Terry Clouse - Somnambulist

March 1, 2002

Tell me a little about yourself.

I picked up the guitar at age 15 and played with a couple of guys that I went to school with. We were really into KISS and Zeppelin. The usual things. They told me that I wasn’t very good so they said “you should play bass.” So I got a bass and it kind of stuck after that. I enjoyed using that instrument because it is a better voice for me and plus I started listening to Yes and Rush and getting into Billy Squier and John Entwhistle and John Degan and wasn’t really that interested in guitar anymore. Just mutated into a number of bands to different things. Mainly what I did during the ‘80s was a lot of alternative music. Played in pop bands. I had a band called The Abstracts. It was like a Pretenders knockoff. A throwback to the ‘50s Buzzcock sort of thing. It was really fun and we did that. Played a lot of shows and we had a chance to open for some pretty cool people. When that fizzled out I started getting into psychedelic music and played in a band called Psycho Bible. We did that probably for about four years. Toward the end of it Jody Park, who was a longtime friend of all of ours, we asked him to play keys to expand the sound. He came in and really improved the sonics of the band considerably. Jody and I would sit after practice and just toy around with ideas. I’ve always been a prog fan from when I was a teen and he was really into Todd Rundgren and Queen. We threw out these ideas and found that our ideas meshed in a cool way and we wrote a couple of songs and eventually decided that we should just start a band doing a progressive rock thing. We called it Privy Member and recorded an album that never got released because the vocalist who had been in Psycho Bible also left the band and decided that he was not going to allow any of the material that he had worked on be released without having to pay him basically. We were screwed on that one. Privy Member was an interesting band. It was more of a Peter Gabriel era Genesis throwback. We were cutting our teeth on the genre because Jody and I, neither one, had really heard any of the newer bands doing progressive rock and we really were not even aware that it still existed beyond some goofy stuff like Saga. That’s where we got Jo who is on the new record. He played with us in that band and he’s a really good player. He’s a good friend. He adds a lot to arrangements and whatnot so we kept him in mind. When Privy Member split up Jody and I just continued to write obviously new material because we couldn’t use the backlogged material.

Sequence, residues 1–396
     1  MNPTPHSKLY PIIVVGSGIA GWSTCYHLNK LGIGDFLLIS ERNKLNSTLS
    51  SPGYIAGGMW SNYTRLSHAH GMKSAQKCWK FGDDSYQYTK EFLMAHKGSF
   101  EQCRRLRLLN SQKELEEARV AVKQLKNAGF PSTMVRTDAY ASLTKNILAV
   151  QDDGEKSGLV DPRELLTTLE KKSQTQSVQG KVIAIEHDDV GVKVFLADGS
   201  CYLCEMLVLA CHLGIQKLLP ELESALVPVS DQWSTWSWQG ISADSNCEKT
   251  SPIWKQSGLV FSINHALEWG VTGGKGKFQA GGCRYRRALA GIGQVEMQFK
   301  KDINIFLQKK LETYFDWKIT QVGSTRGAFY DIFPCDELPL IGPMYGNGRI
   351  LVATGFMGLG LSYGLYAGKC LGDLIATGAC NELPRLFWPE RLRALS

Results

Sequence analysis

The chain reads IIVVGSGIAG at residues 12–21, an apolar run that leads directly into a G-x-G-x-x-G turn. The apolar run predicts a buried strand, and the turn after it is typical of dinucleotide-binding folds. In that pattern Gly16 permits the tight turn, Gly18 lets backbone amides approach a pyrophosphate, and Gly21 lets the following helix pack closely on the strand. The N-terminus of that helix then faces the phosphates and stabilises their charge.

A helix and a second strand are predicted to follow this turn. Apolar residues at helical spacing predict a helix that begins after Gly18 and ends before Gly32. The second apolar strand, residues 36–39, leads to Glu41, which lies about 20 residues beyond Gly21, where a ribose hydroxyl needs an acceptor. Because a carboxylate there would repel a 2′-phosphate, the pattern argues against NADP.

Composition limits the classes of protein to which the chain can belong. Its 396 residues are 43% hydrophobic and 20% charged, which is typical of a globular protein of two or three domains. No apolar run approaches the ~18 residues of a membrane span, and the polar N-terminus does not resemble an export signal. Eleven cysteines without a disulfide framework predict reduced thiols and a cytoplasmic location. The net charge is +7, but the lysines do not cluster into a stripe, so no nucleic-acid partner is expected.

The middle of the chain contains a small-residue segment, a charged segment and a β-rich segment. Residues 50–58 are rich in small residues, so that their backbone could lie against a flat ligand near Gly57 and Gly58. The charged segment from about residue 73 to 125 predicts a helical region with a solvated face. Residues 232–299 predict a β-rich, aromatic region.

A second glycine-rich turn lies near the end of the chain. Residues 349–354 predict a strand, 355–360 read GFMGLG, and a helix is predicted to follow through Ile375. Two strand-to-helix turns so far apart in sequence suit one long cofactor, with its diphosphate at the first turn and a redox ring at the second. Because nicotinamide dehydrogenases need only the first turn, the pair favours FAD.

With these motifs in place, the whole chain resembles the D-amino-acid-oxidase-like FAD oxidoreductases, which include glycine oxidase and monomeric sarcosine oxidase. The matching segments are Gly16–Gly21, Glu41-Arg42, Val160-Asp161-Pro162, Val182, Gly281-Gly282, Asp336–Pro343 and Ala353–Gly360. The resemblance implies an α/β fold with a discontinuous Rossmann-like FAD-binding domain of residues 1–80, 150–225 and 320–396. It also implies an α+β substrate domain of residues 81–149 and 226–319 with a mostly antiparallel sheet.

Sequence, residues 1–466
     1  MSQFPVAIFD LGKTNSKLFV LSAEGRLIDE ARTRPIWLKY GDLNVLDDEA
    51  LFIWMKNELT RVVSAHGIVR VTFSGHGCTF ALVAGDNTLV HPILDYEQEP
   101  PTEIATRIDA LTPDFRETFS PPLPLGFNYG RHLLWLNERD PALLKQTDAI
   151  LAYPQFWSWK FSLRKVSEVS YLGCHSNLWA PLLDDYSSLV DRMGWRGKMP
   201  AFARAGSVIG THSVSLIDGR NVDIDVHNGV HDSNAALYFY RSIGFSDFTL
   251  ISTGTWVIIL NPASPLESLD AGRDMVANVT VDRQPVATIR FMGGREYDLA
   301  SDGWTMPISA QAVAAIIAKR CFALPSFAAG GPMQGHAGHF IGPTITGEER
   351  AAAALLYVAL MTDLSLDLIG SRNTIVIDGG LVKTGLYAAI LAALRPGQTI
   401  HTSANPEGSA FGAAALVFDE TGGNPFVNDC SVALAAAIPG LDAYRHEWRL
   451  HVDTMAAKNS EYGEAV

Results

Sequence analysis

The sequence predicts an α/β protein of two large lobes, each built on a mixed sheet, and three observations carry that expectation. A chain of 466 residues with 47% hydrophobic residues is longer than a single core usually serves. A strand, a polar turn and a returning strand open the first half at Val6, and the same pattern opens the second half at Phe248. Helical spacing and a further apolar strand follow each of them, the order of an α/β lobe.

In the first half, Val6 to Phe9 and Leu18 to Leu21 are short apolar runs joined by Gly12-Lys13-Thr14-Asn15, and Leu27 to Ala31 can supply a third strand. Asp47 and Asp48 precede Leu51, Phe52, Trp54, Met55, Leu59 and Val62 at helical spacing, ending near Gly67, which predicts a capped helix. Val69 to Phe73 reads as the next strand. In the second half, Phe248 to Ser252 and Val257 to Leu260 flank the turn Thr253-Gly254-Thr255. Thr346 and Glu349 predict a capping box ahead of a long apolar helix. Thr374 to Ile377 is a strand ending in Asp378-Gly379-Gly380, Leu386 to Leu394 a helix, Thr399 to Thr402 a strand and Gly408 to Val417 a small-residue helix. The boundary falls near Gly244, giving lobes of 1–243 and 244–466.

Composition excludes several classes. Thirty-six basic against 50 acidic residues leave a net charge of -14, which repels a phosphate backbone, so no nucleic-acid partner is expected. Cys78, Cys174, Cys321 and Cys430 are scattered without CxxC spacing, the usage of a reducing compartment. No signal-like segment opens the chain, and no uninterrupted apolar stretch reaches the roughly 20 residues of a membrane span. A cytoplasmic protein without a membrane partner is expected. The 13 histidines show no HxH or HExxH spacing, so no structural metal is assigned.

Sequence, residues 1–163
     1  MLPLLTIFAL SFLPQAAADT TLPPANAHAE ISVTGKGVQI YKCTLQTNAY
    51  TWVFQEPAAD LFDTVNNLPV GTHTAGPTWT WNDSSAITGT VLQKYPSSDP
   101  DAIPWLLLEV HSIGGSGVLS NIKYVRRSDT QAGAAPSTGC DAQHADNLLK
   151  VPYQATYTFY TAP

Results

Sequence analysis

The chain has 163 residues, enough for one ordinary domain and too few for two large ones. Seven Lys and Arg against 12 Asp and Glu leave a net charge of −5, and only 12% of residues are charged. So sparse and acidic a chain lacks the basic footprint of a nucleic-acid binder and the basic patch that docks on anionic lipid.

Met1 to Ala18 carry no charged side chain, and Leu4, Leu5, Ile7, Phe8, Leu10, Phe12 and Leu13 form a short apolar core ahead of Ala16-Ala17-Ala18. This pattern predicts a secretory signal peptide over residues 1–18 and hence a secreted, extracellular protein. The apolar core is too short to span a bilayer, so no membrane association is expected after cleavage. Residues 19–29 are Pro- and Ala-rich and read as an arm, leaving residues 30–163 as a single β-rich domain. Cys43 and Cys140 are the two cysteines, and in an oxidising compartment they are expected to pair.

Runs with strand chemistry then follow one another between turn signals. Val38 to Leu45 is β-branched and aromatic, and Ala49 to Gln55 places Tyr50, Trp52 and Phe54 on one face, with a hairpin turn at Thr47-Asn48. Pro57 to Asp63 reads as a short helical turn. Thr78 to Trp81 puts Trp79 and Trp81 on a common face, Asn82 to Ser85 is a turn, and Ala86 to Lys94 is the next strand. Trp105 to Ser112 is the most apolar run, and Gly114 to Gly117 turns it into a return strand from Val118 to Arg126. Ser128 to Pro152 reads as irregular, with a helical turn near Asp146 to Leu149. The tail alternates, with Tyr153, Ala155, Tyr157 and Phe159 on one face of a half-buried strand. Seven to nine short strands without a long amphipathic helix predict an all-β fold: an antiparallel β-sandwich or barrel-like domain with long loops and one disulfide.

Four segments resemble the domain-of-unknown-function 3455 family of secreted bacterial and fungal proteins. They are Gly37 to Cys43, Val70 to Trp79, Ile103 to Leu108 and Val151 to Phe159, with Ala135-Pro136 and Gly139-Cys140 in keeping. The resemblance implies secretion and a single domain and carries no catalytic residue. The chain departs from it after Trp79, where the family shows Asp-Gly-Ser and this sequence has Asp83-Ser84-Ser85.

Normally when you do an album with somebody, don’t you have to pay them anyway?

That’s not really the way it works because it was a band. It wasn’t like anyone was hired to do anything. We formed a band.

Basically he just wanted money on the side.

Yeah, after the fact he decided that we owed him for his time. All of a sudden it became a project when he wasn’t involved anymore so that was a slap in the face. We were surprised because we’d been friends with this guy for years. It was really strange behavior you wouldn’t expect from someone you thought you knew. He kind of went off the deep end there. He’s kind of out there. He’s extremely talented but he has some funny ideas about what people owe him for certain things. It’s kind of nutty.

You’ve had to be a little cautious since then.

Right. We actually did resurrect the music from one of the Privy Member tunes for the new album. It was originally called “Ouija” and we just took Jack’s vocals off it and Peter cut new vocals. It’s now called “Died And Gone”.

Some of that old material is slowly showing it’s face on new stuff.

Yeah, pretty much “Died And Gone” is note for note a Privy Member song. It’s a very old one but it’s much better now, trust me. Much better.

Sounds like you’ve had trouble maintaining a solid lineup.